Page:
BOSTON — Joseph Kennedy, son of the late Sen. Robert F. Kennedy, Tuesday easily won the Democratic nomination for the Massachusetts congressional seat held by retiring House Speaker Thomas P. (Tip) O'Neill Jr.
Kennedy, sounding a bit like a presidential nominee, used his victory speech to hammer on themes of affordable housing and health care and the need to restore the Democratic Party as a party that "stands for something." He repeatedly criticized the Reagan Administration for focusing so heavily on the defense budget.
"Something is wrong when 25% of the children in this country are growing up in poverty. . . . There's nothing wrong with America. What's wrong is its leadership," he said.
"Many of us here have made it in this country in different ways . . . we have a special responsibility to give a little something back to America," said Kennedy, surrounded by more than a dozen members of his family, including his uncle, Sen. Edward M. Kennedy (D-Mass.).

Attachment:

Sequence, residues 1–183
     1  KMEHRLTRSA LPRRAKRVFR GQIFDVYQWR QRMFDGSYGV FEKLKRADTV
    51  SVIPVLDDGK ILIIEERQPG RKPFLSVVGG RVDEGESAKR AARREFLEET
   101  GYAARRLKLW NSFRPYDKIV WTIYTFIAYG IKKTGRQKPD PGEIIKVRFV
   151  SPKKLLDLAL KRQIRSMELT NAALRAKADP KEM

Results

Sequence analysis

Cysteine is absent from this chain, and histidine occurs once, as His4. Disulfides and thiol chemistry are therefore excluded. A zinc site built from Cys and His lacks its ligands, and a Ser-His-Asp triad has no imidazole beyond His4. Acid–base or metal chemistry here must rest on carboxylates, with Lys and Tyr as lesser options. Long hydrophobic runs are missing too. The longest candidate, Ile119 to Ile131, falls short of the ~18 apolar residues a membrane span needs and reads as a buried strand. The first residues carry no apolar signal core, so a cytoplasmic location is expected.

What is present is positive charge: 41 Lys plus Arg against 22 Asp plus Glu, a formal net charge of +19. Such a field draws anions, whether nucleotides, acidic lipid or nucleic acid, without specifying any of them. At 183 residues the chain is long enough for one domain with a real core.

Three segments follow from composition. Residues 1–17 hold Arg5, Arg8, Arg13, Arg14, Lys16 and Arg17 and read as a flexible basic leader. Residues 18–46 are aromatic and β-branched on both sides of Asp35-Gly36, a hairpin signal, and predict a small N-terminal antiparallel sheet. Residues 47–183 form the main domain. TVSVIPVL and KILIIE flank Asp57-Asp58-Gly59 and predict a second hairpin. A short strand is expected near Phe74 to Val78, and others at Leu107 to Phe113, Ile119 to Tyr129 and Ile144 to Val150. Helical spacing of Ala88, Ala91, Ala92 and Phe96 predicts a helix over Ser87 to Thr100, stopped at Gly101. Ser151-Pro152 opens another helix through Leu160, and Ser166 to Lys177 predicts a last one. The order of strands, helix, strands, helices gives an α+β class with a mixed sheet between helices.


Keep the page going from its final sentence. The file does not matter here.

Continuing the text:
In other voting Tuesday, Oklahoma businessman David Walters, a political newcomer, narrowly defeated state Atty. Gen. Mike Turpen in a runoff election for the Democratic nomination for governor.
With all 2,371 precincts reporting, Walters had 235,294 votes to 232,122 votes for Turpen.
Walters will face Republican Henry Bellmon, a former governor and senator, for the job currently held by Gov. George Nigh, a Democrat who is barred by law from seeking a third consecutive term.
In Washington state, Republican Sen. Slade Gorton and former Democratic Rep. Brock Adams, who was President Jimmy Carter's transportation secretary, faced only token opposition and will square off in the fall general election.
Kennedy's chief opponent, state Sen. George Bachrach, conceded less than two hours after the polls closed.
Despite a sometimes acrimonious campaign, he gave a gracious concession speech and pledged support for Kennedy in the November election.
"Joe Kennedy, I think, is a thoroughly good and decent and caring person," he said.
Kennedy was receiving about 49% of the vote and Bachrach about 33%. Further back in the 11-way race were Melvin H. King, a leader of Boston's black community, with 10%, and James Roosevelt Jr., grandson of President Franklin D. Roosevelt, with 5%.
Kennedy, 33, was the second member of his family's younger generation to seek office. His sister, Kathleen Kennedy Townsend, won a Maryland congressional primary last week.
Seen as Heavy Favorite
Kennedy will be a heavy favorite in the liberal 8th District over the Republican candidate, consultant Clark Abt, who defeated conservative activist Joe Baldanza.